Xbox on the Go: Microsoft Tests Portable Powerhouse to Challenge Rivals

According to a report by Microsoft reporter Jez Corden on the Xbox Two Podcast, Microsoft is testing portable Xbox prototypes behind closed doors

by Sededin Dedovic
Xbox on the Go: Microsoft Tests Portable Powerhouse to Challenge Rivals
© colteastwood / YOutube channel

The portable console market has been on a meteoric rise since the triumphant arrival of the Nintendo Switch in 2017. The momentum has further escalated in recent years with the advent of gaming laptops such as the Steam Deck.

Now, after years of whispers and rumors, it looks like Microsoft is finally getting into the portable Xbox fray. The concept of a portable Xbox has stuck around since the days when the PSP ruled school playgrounds. With the resurgence of portable gaming, Microsoft seems to be taking this idea seriously.

According to Jez Corden, Microsoft's respected reporter on the Xbox Two Podcast, the company is currently testing prototypes for the portable Xbox behind closed doors. These prototypes are reportedly codenamed "Keystone" and are said to be "fully native," indicating that Microsoft isn't aiming for a cloud-only device.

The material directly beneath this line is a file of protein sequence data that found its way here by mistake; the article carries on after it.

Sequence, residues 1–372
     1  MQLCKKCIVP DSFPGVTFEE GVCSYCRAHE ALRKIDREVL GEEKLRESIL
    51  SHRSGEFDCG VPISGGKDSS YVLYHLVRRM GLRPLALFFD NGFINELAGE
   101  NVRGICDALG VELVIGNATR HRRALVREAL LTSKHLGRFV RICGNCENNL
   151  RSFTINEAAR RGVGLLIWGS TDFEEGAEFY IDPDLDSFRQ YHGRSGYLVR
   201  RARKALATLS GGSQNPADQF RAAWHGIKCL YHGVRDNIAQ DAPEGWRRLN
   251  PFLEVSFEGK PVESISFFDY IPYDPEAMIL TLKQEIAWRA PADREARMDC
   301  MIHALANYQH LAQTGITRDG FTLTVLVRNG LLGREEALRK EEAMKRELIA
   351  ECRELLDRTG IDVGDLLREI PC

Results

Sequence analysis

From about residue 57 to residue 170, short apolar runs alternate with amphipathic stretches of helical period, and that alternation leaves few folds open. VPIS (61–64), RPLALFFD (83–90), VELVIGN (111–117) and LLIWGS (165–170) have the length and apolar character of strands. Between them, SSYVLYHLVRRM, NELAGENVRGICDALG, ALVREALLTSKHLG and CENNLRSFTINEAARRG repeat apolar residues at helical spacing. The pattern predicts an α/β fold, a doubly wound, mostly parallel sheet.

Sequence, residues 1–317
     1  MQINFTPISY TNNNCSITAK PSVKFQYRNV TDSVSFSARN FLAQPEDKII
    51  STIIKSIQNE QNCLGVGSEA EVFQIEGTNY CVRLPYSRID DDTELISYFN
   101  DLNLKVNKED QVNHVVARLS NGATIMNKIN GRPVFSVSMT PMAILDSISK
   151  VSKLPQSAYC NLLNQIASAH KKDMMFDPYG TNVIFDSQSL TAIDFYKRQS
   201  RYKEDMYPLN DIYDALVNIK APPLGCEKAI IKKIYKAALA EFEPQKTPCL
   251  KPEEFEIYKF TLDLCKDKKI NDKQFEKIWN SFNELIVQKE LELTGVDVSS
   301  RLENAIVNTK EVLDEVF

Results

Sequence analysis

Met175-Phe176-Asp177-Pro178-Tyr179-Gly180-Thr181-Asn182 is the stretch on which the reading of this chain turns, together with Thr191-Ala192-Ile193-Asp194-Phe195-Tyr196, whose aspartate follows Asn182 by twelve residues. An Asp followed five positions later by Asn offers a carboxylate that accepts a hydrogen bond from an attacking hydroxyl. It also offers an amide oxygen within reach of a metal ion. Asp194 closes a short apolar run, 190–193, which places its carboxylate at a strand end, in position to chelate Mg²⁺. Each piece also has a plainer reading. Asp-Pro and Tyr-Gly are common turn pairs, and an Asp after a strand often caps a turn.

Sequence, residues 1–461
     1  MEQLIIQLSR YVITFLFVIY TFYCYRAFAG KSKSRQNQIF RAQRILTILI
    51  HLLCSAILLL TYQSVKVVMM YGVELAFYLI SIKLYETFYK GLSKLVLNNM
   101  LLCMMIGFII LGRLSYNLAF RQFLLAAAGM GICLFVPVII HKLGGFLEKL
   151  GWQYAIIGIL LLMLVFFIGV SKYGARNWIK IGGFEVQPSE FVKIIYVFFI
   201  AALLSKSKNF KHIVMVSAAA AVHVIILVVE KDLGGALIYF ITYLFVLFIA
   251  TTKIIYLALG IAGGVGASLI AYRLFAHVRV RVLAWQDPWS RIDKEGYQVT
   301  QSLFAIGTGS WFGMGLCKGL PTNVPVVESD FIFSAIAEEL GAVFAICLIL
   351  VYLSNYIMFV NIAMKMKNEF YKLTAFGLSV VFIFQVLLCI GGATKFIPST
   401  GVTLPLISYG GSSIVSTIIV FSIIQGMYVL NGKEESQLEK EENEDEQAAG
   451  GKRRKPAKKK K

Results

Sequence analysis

Instead, they envision a system that can run powerful titles like Halo, Forza, and Starfield directly on the hardware. This is not uncharted territory for Microsoft. The company is known for constantly experimenting with new hardware concepts, many of which never see the light of day.

One recent public example was the Xbox Keystone, which appeared ready for production before Microsoft pulled the plug. It is also possible that these prototypes serve an internal purpose, helping to develop new software features optimized for portable experiences.

Additionally, Microsoft has confirmed their desire to modify Windows to work better on touch-capable portable devices. The potential arrival of the portable Xbox brings a fascinating twist to the ever-evolving gaming landscape.

With established players like Nintendo and the growing power of Steam Deck, competition is fierce. The success of Microsoft's entry depends on several factors. Will it boast high-end hardware that can rival its console counterparts? Can it offer a robust library of native games to satisfy gamers on the go? Most importantly, will it provide a seamless and enjoyable experience that stands out in a crowded market? Although Microsoft has been trying a lot lately to catch up with the competition, a failure in the case of a portable console would certainly deepen the gaming crisis that the company has been experiencing for the past few years. But it is also an opportunity, and we will see if Microsoft will know how to use it.